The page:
Nepal, A Christmas Gift, 2 Gurkhas & A Kukri
We participated in a charity to send Christmas gifts around the world to poor countries. My daughter packed a wrapped shoe box with gifts for a girl her age. A couple days before Christmas we received an email that the gift had been delivered to a child in Nepal. I was quite happy it went to Nepal because over the past year, I have read two unforgettable stories about the bravery of Nepali Gurkhas. Please read them below:
Lone Nepali Gorkha who subdued 40 train robbers
MANOJ ADHIKARI/SANTOSH POKHAREL
POKHARA, Jan 13: Gorkha soldiers have long been known the world over for their valor and these khukuri-wielding warriors winning the British many a battle have become folklore.
A retired Indian Gorkha soldier recently revisited those glory days when he thwarted 40 robbers, killing three of them and injuring eight others, with his khukuri during a train journey. He is in line to receive three gallantry awards from the Indian government.
Slave girl Morgiana in the Arabian Nights used her cunning to finish off Ali Baba´s 40 thieves, but Bishnu Shrestha of Baidam, Pokhara-6 did not have time to plot against the 40 train robbers. He, however, made good use of his khukuri to save the chastity of a girl and hundreds of thousands in loot.
Shrestha, who was in the Maurya Express to Gorakhpur from Ranchi on September 2 while returning home following voluntary retirement from the Indian army--saved the girl who was going to be raped by the robbers in front of her hapless parents, and in doing so won plaudits from everybody.
The Indian government is to decorate Shrestha with its Sourya Chakra, Bravery Award and Sarvottam Jeevan Raksha Medal and the 35-year-old is leaving for India Saturday to receive the first of the awards on the occasion of India´s Republic Day on January 26.
“The formal announcement of the awards will be made on Republic Day and on Independence Day on August 15,” said Shrestha, whose father Gopal Babu also retired from the same 7/8 Platoon of the Gorkha Regiment around 29 years ago.
His regiment has already given him a cash award of Indian rupees 50,000, and decided to terminate his voluntary retirement. He will get the customary promotion after receiving the medals. The Indian government will also announce a cash bounty for him and special discounts on international air tickets and domestic train tickets.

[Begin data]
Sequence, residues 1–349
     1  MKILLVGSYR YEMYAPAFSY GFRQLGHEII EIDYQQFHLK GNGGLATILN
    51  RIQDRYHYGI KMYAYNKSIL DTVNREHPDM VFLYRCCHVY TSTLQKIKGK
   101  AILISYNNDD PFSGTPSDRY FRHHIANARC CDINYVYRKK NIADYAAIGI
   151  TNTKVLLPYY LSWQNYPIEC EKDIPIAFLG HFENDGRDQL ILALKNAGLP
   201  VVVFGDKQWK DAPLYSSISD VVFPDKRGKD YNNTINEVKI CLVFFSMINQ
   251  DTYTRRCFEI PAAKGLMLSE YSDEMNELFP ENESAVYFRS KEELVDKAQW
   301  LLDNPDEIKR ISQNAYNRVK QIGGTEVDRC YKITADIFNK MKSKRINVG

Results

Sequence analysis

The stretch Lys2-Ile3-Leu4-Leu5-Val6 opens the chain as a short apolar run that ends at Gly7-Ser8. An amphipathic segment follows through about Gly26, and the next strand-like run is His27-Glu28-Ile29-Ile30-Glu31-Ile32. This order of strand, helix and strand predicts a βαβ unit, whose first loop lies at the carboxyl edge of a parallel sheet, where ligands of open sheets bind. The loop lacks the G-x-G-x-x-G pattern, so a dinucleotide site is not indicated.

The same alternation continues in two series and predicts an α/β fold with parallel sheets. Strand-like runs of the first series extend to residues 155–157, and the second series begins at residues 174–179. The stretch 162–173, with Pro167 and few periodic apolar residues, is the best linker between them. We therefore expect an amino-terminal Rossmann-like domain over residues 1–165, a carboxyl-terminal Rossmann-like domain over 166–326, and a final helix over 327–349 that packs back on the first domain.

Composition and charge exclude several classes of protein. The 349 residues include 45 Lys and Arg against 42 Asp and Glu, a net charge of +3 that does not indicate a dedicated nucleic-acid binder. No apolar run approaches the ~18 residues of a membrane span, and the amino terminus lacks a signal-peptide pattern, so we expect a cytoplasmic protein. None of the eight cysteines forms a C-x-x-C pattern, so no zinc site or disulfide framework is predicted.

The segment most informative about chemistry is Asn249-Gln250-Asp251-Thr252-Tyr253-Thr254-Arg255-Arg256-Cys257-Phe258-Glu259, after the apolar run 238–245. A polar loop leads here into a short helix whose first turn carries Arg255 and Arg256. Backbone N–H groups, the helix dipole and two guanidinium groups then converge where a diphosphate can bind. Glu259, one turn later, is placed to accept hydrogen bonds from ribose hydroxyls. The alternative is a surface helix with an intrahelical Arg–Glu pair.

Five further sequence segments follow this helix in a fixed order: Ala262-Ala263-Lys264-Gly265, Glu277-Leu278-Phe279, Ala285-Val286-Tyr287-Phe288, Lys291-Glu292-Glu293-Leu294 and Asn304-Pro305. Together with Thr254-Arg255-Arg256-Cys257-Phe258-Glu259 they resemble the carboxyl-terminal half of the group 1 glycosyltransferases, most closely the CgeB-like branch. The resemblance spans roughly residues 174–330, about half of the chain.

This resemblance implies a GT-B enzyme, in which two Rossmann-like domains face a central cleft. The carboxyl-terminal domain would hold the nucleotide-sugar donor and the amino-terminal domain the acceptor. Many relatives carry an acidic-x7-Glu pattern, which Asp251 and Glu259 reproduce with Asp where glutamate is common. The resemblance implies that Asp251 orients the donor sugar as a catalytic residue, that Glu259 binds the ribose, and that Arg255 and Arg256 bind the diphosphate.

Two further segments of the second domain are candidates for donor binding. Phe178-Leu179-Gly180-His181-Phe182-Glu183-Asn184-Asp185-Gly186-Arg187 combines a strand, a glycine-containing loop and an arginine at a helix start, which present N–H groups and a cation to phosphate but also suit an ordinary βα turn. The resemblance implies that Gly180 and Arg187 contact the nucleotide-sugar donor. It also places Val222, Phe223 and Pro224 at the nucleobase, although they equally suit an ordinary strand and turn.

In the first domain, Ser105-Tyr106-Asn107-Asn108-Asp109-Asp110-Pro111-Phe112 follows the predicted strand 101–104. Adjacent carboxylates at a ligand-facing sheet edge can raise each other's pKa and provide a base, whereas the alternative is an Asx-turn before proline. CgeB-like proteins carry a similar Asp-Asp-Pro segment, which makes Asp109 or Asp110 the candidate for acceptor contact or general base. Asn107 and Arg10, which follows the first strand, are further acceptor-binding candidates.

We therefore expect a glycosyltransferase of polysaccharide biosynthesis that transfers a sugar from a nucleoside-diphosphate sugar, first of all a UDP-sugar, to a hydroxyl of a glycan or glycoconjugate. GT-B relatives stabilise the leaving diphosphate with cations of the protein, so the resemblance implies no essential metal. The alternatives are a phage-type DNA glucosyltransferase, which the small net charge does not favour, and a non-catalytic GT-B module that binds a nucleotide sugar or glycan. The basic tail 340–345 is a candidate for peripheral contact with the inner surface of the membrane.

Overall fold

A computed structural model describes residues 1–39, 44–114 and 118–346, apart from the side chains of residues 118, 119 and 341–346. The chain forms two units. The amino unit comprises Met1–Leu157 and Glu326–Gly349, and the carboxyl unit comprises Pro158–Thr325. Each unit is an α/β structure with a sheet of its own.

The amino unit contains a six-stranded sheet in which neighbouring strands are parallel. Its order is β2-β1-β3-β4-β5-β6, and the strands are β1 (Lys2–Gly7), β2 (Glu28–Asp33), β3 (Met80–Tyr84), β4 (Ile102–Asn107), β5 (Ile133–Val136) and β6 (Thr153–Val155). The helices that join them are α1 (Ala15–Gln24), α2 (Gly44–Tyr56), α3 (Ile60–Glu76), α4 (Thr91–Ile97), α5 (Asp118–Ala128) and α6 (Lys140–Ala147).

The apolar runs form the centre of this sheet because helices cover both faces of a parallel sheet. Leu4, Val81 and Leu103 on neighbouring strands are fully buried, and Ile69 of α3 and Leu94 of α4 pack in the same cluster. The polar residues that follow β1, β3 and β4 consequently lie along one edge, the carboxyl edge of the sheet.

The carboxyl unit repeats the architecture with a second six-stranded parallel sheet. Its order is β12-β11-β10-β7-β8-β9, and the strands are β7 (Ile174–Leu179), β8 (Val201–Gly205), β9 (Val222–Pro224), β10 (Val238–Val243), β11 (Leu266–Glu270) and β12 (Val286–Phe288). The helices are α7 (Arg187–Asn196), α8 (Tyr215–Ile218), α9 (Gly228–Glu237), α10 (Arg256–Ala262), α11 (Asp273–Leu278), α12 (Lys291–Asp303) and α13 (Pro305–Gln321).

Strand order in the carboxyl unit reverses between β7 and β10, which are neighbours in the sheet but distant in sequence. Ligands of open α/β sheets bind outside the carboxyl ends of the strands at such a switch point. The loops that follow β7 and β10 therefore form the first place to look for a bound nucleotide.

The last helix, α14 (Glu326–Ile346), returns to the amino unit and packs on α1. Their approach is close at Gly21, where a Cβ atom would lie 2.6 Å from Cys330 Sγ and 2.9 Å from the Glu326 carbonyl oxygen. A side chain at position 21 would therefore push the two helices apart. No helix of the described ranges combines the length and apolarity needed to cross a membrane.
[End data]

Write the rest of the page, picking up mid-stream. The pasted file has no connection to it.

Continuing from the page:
The band of about 40 robbers, some of whom were travelling as passengers, stopped the train in the Chittaranjan jungles in West Bengal around midnight. Shrestha-- who had boarded the train at Ranchi in Jharkhand, the place of his posting--was in seat no. 47 in coach AC3.
“They started snatching jewelry, cell phones, cash, laptops and other belongings from the passengers,” Shrestha recalled. The soldier had somehow remained a silent spectator amidst the melee, but not for long. He had had enough when the robbers stripped an 18-year-old girl sitting next to him and tried to rape her right in front of her parents. He then took out his khukuri and took on the robbers.
“The girl cried for help, saying ´You are a soldier, please save a sister´,” Shrestha recalled. “I prevented her from being raped, thinking of her as my own sister,” he added. He took one of the robbers under control and then started to attack the others. He said the rest of the robbers fled after he killed three of them with his khukuri and injured eight others.
During the scuffle he received serious blade injury to his left hand while the girl also had a minor cut on her neck. “They had carried out their robbery with swords, blades and pistols. The pistols may have been fake as they didn´t open fire,” he surmised.
The train resumed its journey after some 20 minutes and a horde of media persons and police were present when it reached Chittaranja station. Police arrested the eight injured dacoits and recovered around 400,000 Indian rupees in cash, 40 gold necklaces, 200 cell phones, 40 laptops and other items that the fleeing robbers dropped in the train.
Police escorted Shrestha to the Railways Hospital after the rescued girl told them about his heroic deed. Mainstream Indian media carried the story. The parents of the girl, who was going for her MBBS studies, also announced a cash award of Indian rupees 300,000 for him but he has not met them since.
“Even the veins and arteries in my left hand were slit but the injury has now healed after two months of neurological treatment at the Command Hospital in Kolkata,” he said showing the scar. “Fighting the enemy in battle is my duty as a soldier; taking on the dacoits in the train was my duty as a human being,” said the Indian army nayak, who has been given two guards during his month-long holidays in Nepal.
“I am proud to be able to prove that a Gorkha soldier with a khukuri is really a handful. I would have been a meek spectator had I not carried that khukuri,” he said.
He still finds it hard to believe that he took on 40 armed robbers alone. “They may have feared that more of my army friends were traveling with me and fled after fighting me for around 20 minutes,” he explained.
For those who have never seen a Kukri, here is a picture:
A Gurkha soldier who single-handedly defeated more than 30 Taliban fighters has been awarded the Conspicuous Gallantry Cross by the Queen.